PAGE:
UK construction continues to drag on growth

Despite a bounceback in March, the UK's construction sector shrank in the first three months of the year, continuing to act as a drag on economic growth.

After falling for two consecutive months, industry output increased 3.9 per cent in March, the Office for National Statistics said, the biggest month-on-month rise for more than a year.

But overall, the industry contracted 1.1 per cent in the first quarter of the year compared with the last one of 2014. Against the first quarter last year, output was 0.3 per cent lower, suggesting the industry was flat lining.

Gareth Hird, commercial director of McBains Cooper, a construction consultancy, said that while the March improvement was encouraging "it would be premature to call this a recovery just yet".

Michael Conroy Harris, a construction lawyer at Eversheds, said that while construction has moved on from the depths of the recession "it's still a fragile plant needing care and attention".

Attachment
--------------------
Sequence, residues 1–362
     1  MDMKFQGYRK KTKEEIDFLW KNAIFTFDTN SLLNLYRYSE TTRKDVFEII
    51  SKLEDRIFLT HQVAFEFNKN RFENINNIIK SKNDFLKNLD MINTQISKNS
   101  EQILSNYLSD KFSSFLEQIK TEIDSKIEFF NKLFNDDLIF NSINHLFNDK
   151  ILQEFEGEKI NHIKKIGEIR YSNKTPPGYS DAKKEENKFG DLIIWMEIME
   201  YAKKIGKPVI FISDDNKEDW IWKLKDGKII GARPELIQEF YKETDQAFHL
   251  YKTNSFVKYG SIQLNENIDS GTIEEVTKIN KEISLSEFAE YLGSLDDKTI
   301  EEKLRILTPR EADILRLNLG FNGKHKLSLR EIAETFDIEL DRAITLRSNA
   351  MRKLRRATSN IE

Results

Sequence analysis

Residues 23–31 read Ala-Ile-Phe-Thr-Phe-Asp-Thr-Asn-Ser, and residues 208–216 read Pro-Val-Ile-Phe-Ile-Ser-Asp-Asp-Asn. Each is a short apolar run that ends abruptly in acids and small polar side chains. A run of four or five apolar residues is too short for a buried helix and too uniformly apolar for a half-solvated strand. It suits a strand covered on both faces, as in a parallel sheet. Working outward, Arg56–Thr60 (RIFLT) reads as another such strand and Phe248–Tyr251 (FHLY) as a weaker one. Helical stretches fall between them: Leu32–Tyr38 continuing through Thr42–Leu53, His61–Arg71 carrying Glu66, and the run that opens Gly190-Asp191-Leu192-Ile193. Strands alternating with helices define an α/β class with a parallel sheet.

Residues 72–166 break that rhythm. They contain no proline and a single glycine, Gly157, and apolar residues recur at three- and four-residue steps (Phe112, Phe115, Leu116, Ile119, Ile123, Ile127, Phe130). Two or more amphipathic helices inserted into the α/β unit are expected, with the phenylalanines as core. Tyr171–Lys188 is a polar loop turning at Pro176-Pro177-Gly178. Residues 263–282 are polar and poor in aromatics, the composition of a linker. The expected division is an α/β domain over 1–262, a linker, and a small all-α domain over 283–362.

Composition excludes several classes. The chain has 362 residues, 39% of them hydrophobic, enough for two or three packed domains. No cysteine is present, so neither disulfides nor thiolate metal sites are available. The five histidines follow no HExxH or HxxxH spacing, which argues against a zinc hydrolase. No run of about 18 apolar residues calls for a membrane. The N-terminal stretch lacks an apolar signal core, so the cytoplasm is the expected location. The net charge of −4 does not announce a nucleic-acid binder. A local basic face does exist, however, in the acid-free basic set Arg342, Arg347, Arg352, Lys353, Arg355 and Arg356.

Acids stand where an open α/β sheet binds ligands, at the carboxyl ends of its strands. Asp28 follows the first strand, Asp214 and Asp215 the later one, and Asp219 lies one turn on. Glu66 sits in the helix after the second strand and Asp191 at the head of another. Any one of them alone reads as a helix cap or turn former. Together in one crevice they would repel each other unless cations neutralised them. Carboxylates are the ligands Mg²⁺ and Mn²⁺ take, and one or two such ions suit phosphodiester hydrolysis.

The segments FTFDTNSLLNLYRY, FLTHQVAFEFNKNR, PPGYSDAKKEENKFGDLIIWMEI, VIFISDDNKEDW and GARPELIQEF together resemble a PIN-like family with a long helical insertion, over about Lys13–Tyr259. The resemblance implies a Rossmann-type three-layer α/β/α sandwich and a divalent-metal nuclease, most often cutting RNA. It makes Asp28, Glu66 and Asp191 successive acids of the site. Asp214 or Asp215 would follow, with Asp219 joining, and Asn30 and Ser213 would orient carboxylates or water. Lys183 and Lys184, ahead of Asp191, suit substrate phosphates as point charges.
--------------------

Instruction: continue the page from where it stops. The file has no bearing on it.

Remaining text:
Although survey evidence has consistently painted a more positive picture of the construction industry than official data, the most recent Markit/CIPS survey of construction purchasing managers' reported a sharp loss of momentum, which some put down to pre-election jitters.

Howard Archer, UK economist at IHS Global Insight, said it was clear that construction was not expanding at the same rate it was last year, but added that the sector was hoping "a reduction in political uncertainty following the election of a majority Conservative government will lead to increased client willingness to committing to major projects".

March's rebound was driven by a 12.2 per cent rise in repair and maintenance work, which offset a fall of 1 per cent in new work.

Despite political consensus that the UK needs to prioritise housing, private sector house building was down by 3.4 per cent on the previous quarter, though the monthly figure did show a 2.3 per cent rise, the first since September.

Data from the industry are generally erratic and last December the UK Statistics Authority said ONS construction output figures would no longer be considered national statistics because of concerns about the methods used to adjust for inflation.

Last week, the ONS said that in June it would introduce a methodology that it would retrospectively apply to figures from January 2014. But it added that its initial analysis found any revisions would be small.

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